As energy prices across the U.S. soar, with electricity prices jumping nine percent year-over-year, it’s become clearer by the day that affordable alternatives to fossil fuels are necessary not just for environmental reasons but also to lessen the strain on our wallets.
Nuclear fusion is one alternative on the horizon that until recent years sounded more like science fiction than fact. Now, a report from a private nuclear energy company in the U.K. has pushed this reality even closer to fruition in a donut-shaped nuclear reactor called a tokamak. Last week the company Tokamak Energy announced that its spherical ST-40 tokamak reactor reached the 100 million Celsius threshold for commercially viable nuclear fusion.
“We are proud to have achieved this breakthrough which puts us one step closer to providing the world with a new, secure and carbon-free energy source,” said Chris Kelsall, CEO of Tokamak Energy, in a statement. “[This] represent[s] the optimal route to achieving clean and low-cost commercial fusion energy.”
Here’s the background — Tokamaks aren’t the only reactors being tested for nuclear fusion — earlier this year Inverse reported on fusion breakthroughs at the Livermore Labs inertial confinement program — but they are a very popular option with a long history. In a nutshell, tokamaks are typically donut (or, torus) shaped reactors that squish and heat up hydrogen atoms in a vacuum until they transform into a plasma. With enough heat and pressure, this plasma then undergoes a fusion process similar to that at the center of a star to create a big burst of energy.
The ST-40 is not the first tokamak to reach this temperature threshold — the Princeton Large Torus tokamak reached that milestone back in 1978. But it is the first to do so with a spherical, privately-funded tokamak.
Gerald Navratil is the Edison Professor of Applied Physics at Columbia University and has been doing fusion research at the university for 45-years. Navratil is unaffiliated with the Tokamak Energy project but tells Inverse the breakthrough is exciting for the field of nuclear fusion at large.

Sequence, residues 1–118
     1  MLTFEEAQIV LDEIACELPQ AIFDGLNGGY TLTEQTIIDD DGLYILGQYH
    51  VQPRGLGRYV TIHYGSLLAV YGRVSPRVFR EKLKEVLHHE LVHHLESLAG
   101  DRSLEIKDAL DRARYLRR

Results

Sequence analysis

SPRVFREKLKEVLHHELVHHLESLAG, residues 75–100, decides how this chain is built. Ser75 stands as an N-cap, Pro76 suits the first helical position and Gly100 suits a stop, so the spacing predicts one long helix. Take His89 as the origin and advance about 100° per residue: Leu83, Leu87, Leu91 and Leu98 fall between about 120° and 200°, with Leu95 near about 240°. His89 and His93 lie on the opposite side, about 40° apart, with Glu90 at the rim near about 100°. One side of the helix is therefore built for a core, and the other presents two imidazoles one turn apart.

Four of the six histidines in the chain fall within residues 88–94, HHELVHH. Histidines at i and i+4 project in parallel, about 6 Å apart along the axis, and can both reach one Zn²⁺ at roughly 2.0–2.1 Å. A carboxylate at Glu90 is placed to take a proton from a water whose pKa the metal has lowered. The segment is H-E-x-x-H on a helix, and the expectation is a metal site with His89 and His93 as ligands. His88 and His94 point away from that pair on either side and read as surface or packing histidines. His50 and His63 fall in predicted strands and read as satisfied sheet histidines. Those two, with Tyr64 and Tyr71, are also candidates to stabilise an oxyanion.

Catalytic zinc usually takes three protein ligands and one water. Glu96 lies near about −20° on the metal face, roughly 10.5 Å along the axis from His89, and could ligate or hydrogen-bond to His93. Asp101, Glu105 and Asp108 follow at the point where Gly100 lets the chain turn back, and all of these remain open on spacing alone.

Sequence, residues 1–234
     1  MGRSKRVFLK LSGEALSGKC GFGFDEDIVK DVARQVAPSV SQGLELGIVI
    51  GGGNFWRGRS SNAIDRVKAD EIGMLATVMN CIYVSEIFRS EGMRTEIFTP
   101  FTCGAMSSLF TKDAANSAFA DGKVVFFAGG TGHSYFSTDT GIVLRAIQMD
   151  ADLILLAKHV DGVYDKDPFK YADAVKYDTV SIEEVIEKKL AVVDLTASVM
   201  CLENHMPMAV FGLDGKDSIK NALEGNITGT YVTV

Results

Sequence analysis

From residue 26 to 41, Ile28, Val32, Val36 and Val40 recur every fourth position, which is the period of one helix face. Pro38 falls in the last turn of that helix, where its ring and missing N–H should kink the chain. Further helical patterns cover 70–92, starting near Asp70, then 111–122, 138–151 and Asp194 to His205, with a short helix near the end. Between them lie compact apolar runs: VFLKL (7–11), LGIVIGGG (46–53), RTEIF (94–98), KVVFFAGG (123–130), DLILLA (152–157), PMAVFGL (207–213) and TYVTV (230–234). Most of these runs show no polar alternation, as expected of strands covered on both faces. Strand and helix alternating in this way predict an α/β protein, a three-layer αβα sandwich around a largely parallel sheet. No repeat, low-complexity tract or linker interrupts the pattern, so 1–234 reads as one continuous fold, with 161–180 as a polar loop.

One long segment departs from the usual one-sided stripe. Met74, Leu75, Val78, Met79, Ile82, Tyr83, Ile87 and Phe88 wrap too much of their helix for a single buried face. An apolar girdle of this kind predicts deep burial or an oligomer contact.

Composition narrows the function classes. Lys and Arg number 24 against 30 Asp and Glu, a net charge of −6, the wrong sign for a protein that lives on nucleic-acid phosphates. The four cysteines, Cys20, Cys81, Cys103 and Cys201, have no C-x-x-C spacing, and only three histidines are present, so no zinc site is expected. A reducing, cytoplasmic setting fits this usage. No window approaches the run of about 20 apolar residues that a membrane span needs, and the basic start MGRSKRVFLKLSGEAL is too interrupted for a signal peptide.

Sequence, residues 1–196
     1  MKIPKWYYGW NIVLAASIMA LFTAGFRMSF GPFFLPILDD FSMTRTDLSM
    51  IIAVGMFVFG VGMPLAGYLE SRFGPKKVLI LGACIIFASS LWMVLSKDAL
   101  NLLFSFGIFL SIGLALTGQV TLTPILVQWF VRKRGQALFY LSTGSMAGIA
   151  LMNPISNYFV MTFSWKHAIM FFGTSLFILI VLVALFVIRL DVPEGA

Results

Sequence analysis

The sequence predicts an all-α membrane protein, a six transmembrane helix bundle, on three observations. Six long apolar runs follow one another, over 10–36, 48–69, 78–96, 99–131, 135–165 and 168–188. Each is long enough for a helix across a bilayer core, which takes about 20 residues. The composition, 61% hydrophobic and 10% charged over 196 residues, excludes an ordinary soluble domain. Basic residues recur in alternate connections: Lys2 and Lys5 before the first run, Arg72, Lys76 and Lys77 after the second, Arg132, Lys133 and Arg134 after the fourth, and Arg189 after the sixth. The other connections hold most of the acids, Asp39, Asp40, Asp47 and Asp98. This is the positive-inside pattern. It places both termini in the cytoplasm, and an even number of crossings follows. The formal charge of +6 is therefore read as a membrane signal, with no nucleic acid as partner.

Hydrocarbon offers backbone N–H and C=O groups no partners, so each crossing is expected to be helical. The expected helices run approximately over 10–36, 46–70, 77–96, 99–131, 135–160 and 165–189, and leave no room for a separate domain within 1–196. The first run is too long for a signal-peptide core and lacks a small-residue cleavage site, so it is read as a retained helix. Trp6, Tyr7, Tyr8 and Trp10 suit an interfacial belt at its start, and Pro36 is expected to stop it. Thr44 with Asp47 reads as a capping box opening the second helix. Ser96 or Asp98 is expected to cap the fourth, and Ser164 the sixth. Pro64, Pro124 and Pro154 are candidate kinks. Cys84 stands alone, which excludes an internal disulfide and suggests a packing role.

“These are exciting times for fusion energy research,” Navratil says. “For a compact, privately funded fusion experiment at the $70 million cost range to achieve this temperature level means they’ve reached one (out of several) necessary conditions for fusion power success, which is noteworthy.”
Why it matters — In nuclear fusion research, Navratil says that privately funded projects (like ST-40) and government-funded projects (like France’s ITER) work “highly synergistically” and even symbiotically with one another. This means that breakthroughs at private companies like Tokamak Energy are good for the progress of other projects and vice versa.
“We’ve reached a level of maturity in fusion science achieved through public funding that now enables very significant (but more risky) steps in fusion energy experiments funded by private investors,” Navratil says.
“As these private ventures proceed in parallel with the public research efforts, I expect many of the private efforts may fail to fully achieve their objectives,” he continues. “The entire field will benefit from the results of these private efforts, and one or more may indeed achieve significant success.”
Success in these endeavors could revolutionize access to clean, safe, and sustainable energy sources.
What they did — We don’t know for sure the secret sauce that enabled ST-40 to reach this fusion milestone, but one unique component of the tokamak that likely played a role in its success is its spherical, rather than donut, shape. This shape means that the magnets inside the reactor are closer to the plasma stream than in torus-shaped tokamaks. As a result, smaller and cheaper magnets can be used to create even more intense fields.
Even though ST-40 was able to reach this crucial fusion threshold, Navratil says there are still many questions to answer before this kind of reaction can truly be used commercially.
“The ST-40 results claim to have achieved sufficient temperature, but for how long was this sustained? At what density? And with what ‘energy confinement time’?” Navratil says. “Commercial fusion energy [will] require advances in both physics and technology. Even after the plasma physics requirements are met, there are a host of technology requirements that must also be addressed to make fusion a commercially viable source of energy.”
This will include developing a fusion power system, power conversion technology, and next-gen radiation-resistant materials, he says.
What’s next — The list of obstacles still along the road to commercial fusion may sound daunting, but it hasn’t stopped researchers so far in their 70-year journey toward this goal. As for ST-40, Tokamak Energy is already underway designing the next generation of the reactor which they hope will inform the building of the first fusion power plant in the 2030s.
Editor’s note — This article was updated on April 4, 2022 to clarify the nature of the magnets used.